Friday, March 6, 2009

Breaking Down the Orchestra

When I started this blog, I wanted the main focus to be economic policy as seen through the eyes of my Hayekian/libertarian biases. And, I wanted to surround this commentary with other topics I am passionate about: Classical music, finance, some sports, maybe some food, etc. Last week I posted about a nice Mozart piece, and thought that I would similarly post other enjoyable works of music. I'm making a slight amendment to that strategy though. I want this blog to have an educational taste to it, so I've decided to supplement occasional classical pieces with an introduction to the tools that create that music. So, each week, look forward to one piece of music that I find, if not inspiring, at least thought-provoking; and!, one post introducing a new element of the orchestra. Today's post will be used mostly as a reference for future posts, so if you have questions about orchestral layout, you can be directed here. So, without further ado, let me give a brief introduction to an orchestra. Enjoy!


My favorite era of classical music is the Late Classical through Early-Romantic time period (approximately composers born between 1750-1800). Mozart and Beethoven were both born during this time. You'll also find Niccolo Paganini, Franz Schubert and other here. Orchestras have evolved in size and composition over time. But I'll focus on one of the more simple orchestral structures, the Classical Orchestra.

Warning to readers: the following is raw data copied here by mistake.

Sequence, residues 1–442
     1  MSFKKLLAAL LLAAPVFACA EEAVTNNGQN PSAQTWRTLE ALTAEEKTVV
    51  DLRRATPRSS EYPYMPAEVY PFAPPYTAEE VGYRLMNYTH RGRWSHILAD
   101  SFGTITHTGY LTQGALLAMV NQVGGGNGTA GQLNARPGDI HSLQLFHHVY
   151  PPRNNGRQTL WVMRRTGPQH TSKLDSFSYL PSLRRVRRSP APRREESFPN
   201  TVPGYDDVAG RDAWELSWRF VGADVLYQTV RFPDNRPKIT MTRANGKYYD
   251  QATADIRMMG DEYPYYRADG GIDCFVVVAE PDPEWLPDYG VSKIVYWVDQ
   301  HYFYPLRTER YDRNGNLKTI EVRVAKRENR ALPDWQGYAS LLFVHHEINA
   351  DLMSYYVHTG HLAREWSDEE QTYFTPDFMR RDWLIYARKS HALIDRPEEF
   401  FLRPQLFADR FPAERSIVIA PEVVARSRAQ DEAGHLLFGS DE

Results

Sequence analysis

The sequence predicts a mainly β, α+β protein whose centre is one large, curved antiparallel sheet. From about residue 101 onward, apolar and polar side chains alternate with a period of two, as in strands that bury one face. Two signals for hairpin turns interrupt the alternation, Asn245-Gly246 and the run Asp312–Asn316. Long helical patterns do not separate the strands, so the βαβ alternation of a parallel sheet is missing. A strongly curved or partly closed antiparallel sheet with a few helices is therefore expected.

Step One: Write some music; Directing traffic

You need a composer and a conductor (sometimes the same person). The composer writes the music. The conductor sets tempo, helps shape the music, gives cues and makes sure everyone is on the same page. The conductor is usually positioned front and center, back to the audience, waving his hands about. (However, a conductor is not necessary. Earlier Baroque music and smaller orchestras will sometime have the principle violinist act as the conductor).

Step Two: Get Some Strings

The strings are typically the largest part of the orchestra. This section is made up of: Violins (1st and 2nd); Violas; Cellos (Violoncellos); and Double Basses. Size varies. Some pieces call for a handful of strings, other call for 14 violins (each), 12 violas and cellos (each), and 10 basses. Their organization typically fans from violins on the left to basses on the right of the conductor (see image below).

Step Three: Get Some Woodwinds

Components: Flutes, Oboes, Clarinets and Bassoons. Usually two of each; some pieces call for more. The clarinet is usually divided into a B-flat and an A Clarinet.

Step Four: Get Some Horns

Components: Horns, Trumpets and Trombones.  Usually two trumpets and trombones, four horns. Sometimes you will see a tuba.

Step Five: Get some Percussion

Components: Timpani, for sure. The Percussion section has really grown over time, now sometimes including all sorts of drum, triangle, cymbals, glockenspiel, xylophone, chimes, and so on.

Step Six: Organize everyone

The composer is front and center. The strings are up front, shadowed by the woodwinds in the middle and horns on the outskirts. The booming percussion is found in the back.


Orchestras differ in size, depending on the piece, its era and whether or not it is accompanied by a chorus and soloist or accompanying a performance. The orchestra at times will be found submerged below the stage during an opera. There is no golden rule when it comes to orchestras and their arrangement and location. Hopefully this short introduction is useful. I'm planning on diving into specific instruments, their sounds and helping you (and myself) improve our abilities to hear music.

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